The 5-kilowatt Iskra turbine is powerful enough to provide enough energy to run most of the school’s catering operation. The cost has been covered by the Scottish Energy Saving Trust (£13,326), Aberdeen City Council (£9,500), the school’s Parent-Teacher Association (£1,000) and Cults Community Council (£1,000).
The turbine should deliver an approximate saving of £650 per annum at current electricity prices and will contribute to reducing the school’s reliance on fossil fuels. The school expects to cut its CO2 emissions by 5,633kg per year--and by 112,660kg over the lifetime of the turbine.
A 32-inch LCD screen has been installed indoors, allowing pupils and staff to monitor wind speed and direction, power output, and the tonnage of carbon dioxide which would otherwise have been pumped into the environment if the school were using conventional power sources. The school has installed the equipment to let the pupils make a real contribution to renewable energy generation and learn about enterprise, citizenship and working with others. While I talked with Susan in the school's corridor, students stopped in front of the monitor to read the information.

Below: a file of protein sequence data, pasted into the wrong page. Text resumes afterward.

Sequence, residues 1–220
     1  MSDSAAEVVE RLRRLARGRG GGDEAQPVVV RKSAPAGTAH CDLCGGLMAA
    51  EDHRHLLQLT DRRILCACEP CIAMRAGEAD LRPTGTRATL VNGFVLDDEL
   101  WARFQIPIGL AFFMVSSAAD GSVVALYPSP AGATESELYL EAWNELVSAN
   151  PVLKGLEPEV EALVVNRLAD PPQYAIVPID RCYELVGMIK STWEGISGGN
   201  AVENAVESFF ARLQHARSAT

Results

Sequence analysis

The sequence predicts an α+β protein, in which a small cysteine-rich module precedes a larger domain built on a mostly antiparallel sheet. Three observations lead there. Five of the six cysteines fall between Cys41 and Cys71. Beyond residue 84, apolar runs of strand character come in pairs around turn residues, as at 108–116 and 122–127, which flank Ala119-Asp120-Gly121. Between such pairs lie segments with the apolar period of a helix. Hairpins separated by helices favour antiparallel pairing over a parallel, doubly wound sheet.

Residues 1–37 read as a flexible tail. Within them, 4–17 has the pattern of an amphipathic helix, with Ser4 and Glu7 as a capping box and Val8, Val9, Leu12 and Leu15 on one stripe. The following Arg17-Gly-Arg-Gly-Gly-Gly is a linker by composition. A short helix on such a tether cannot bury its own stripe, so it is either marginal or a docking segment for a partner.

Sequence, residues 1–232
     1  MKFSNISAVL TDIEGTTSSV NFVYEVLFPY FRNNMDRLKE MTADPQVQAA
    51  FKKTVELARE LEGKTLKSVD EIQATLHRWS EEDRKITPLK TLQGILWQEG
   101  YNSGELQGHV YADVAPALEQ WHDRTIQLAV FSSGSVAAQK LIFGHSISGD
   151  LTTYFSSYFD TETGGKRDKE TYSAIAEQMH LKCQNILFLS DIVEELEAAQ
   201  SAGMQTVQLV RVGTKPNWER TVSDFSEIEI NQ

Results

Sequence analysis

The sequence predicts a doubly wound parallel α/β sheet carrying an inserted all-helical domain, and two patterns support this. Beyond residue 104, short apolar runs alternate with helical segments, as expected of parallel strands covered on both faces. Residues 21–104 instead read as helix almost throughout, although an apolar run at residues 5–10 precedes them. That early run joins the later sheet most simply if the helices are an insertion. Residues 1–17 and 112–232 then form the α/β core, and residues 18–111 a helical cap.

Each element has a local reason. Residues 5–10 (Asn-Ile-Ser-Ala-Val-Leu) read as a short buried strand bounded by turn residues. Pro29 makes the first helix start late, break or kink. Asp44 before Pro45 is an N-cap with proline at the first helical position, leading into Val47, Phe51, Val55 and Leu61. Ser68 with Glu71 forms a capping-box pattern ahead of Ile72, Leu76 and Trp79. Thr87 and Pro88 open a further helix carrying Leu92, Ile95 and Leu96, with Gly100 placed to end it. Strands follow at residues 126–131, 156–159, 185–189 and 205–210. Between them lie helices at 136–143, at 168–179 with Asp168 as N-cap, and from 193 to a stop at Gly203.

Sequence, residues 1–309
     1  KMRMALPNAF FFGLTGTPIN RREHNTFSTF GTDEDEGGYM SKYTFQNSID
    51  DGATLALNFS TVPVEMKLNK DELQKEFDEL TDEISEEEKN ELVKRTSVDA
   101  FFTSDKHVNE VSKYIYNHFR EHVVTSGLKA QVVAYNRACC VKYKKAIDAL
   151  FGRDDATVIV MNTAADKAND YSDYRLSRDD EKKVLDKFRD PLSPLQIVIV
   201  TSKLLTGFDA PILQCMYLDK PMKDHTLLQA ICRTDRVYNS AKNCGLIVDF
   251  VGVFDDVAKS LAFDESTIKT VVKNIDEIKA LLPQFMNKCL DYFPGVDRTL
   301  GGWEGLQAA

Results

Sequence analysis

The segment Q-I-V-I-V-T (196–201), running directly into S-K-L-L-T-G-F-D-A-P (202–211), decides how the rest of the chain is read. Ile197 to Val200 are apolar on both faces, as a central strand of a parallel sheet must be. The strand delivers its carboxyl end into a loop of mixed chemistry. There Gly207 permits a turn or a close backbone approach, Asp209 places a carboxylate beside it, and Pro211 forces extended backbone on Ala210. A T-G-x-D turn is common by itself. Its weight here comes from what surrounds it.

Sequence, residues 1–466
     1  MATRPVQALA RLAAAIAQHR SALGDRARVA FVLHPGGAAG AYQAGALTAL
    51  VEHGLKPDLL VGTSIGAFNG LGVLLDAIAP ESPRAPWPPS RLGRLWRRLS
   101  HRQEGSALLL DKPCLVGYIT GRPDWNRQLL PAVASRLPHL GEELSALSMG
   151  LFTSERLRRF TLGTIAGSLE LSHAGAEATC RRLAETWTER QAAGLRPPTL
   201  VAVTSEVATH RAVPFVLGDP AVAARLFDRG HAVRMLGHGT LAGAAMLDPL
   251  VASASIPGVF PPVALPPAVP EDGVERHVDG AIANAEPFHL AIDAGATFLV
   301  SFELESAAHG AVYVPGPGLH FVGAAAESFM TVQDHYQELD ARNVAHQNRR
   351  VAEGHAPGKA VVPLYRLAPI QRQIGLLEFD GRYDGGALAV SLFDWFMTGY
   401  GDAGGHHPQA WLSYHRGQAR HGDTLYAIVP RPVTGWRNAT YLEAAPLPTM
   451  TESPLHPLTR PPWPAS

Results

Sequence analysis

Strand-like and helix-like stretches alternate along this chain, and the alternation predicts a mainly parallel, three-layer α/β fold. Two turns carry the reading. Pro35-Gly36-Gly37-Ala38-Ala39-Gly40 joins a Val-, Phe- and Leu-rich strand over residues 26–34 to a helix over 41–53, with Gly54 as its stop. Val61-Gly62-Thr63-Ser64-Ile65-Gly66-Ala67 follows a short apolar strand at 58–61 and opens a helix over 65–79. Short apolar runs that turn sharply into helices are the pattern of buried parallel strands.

The principal Ian Smithers (the one with hair), said the monitor keeps the students interested in what energy the turbine is creating and saving. It has to work at a certain speed to be generate enough energy to save electricity and money.
I wonder what schools in Mount Alexander Cluster can do? Challenge 2 Change is moving in this direction.